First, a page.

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Thunderous Groove: Kim Salmon Remembers Brian Hooper

21 August 2018
Brian Hooper

Photo by Emmy Etié

Words by Kim Salmon

When Brian Henry Hooper left us all back on April 20, I’d known him for 38 years. Reflecting on all that time and all the things we did together as friends and as music colleagues, I think the thing that characterised our relationship the most was the fact that we were – in our peculiar way – each other’s teacher. Whether the subject be what is rock and roll or punk (and what was not), how to do the right thing, how to do the wrong thing, how to have grace, how to be disgraceful, how to attempt to have style, the right way to drink red wine and spill it on one’s cream-coloured suit, how many shows you could go without dry-cleaning said suit, what the damned chords for the song were, how not to care what the chords were… Each of us could show the other a thing or two.

Brian was about five years younger than me. We were from different ‘waves’ of the Perth punk scene. Naturally I felt I could show the young upstart how it was done, and naturally he thought he could prove to the old fart that he knew better. Thus was set the dynamic of a lifelong relationship.

In 1987 we found ourselves back in Perth. We’d both done a bit since the punk days. We’d crossed paths numerous times on our travels – in the UK and ‘over in the eastern states’ (that’s anywhere west of WA to a Perthite). I asked him if he wanted to be in the band I was starting; he was up for it. He was, I soon learned, always up for anything! He was the guy who could do a gig, party all night long, then stick on a suit the next morning and go to work. He did this for years.

I told Brian that I wanted employ an anarchist approach to music, but it was him that truly showed me by example how to do that. With him and Tony Pola, we made four albums (literally on the fly), went on to get wasted and miss international flights, do runners from London cabs, get lost in the Bavarian snow out of our heads… and plenty of other stuff to confess outside a church.

I showed him my ideas and he always had a different take on them. If my idea was highfalutin’, he’d tell it back to me all prosaic. If it was nuts and bolts, he’d see wild romance. He had his own ideas to contribute, and I, for sure, took them elsewhere. Songs like ‘Melt’ and ‘I Fell’ were such songs. He added wildcards to my hand. Add the joker Tony Pola to the game and we were bound to win. That was the Surrealists: Brian, Tony and me. How could we fail?

‘I Fell’ by The Surrealists’ 1993 album Sin Factory.

Then there was the Beasts of Bourbon. We rocked side by side for a couple of years until it got too much for me. Brian continued. Eventually he left the Surrealists. He found other gigs. From afar I watched and listened as he fulfilled a very familiar but different role with Roland S Howard. He and his unmistakable thunderous groove provided the perfect foil to Roland.

Later, we became estranged. For a decade, he said. It was less, I say. In this time he had a dreadful accident and fell off a building. He was meant to be a paraplegic. Brian was never one for rules. He beat the prognosis.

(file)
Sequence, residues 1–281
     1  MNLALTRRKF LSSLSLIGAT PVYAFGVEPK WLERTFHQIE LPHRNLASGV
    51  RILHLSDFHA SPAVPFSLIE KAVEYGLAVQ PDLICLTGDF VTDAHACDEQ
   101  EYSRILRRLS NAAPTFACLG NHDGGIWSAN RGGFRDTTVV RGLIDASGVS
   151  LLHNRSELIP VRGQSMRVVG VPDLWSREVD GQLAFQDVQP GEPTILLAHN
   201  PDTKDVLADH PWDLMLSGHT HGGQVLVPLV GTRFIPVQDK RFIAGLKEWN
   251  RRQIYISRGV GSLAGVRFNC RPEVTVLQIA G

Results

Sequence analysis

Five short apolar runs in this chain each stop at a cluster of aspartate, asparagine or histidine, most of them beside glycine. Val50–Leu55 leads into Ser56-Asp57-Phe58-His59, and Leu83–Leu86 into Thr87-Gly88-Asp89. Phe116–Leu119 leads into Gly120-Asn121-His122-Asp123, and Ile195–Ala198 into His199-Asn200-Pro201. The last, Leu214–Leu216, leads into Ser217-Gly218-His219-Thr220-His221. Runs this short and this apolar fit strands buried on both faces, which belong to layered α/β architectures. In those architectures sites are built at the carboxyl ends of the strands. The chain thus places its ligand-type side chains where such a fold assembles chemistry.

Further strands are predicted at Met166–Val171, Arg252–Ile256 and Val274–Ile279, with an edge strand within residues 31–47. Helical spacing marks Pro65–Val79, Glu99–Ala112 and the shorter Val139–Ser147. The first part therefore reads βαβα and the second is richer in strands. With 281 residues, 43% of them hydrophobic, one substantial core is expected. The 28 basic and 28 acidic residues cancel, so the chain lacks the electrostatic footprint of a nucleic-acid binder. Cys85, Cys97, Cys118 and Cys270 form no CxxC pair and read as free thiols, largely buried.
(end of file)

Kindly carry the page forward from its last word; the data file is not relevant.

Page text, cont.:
I’d thought of him as a side-player. Like Keith Richards or Johnny Thunders, mind –but a side-player. He went and broke that rule and released three of his own albums. He’s left us with two more in the pipeline.

We reconnected largely due to Brian’s wife Ninevah. I’m eternally grateful to her for that. I always thought there was something poetic about Brian marrying a social worker.

Back together, we jammed in tandem on the soundtrack for a doco about Afghanistan street-gangs called Snow Monkey (we still had it!); did Beasts of Bourbon reunions (we still had it!); had dinners round our place to rehearse for a version of the Surrealists; played at my partner Maxine’s 50th (we still had it!); had dinners round his place with Ninevah and his ‘mini movie star’ daughters Charlize and Ava; and had lunches with his family, including his daughters Nina and Lana. I even met Brian’s grown-up son Matthew a couple of times. We went to some funerals. We did non-rock and roll things.

November last year, I heard about his diagnosis. In the ensuing five months he was truly inspirational in how he dealt with the situation. I watched him face his future with hope, humility, graciousness, courage and finally acceptance. Those last months were a lesson for me that I’ll never forget. Brian was the teacher, which brings me to where I started. I’m a better person for having known Brian, but from my own selfish point of view, all I can think is I’ve lost the person with whom I can share all those specific memories. Which is why my heart goes out to Ninevah, Brian’s family and the greater music community. He left a lot of memories around the place.

Brian with collaborator Rowland S Howard. The pair made musical history with Rowlands’ 2009 solo albm Pop Crimes.


This story originally appeared in the Radiothon 2018 edition of The Trip magazine. Subscribers recieve The Trip free in their letterboxes three times a year: in April, August and December. Subscribe to receive the next one, chock full of stories about life at Triple R, the Melbourne music community, political and social issues, and heaps more.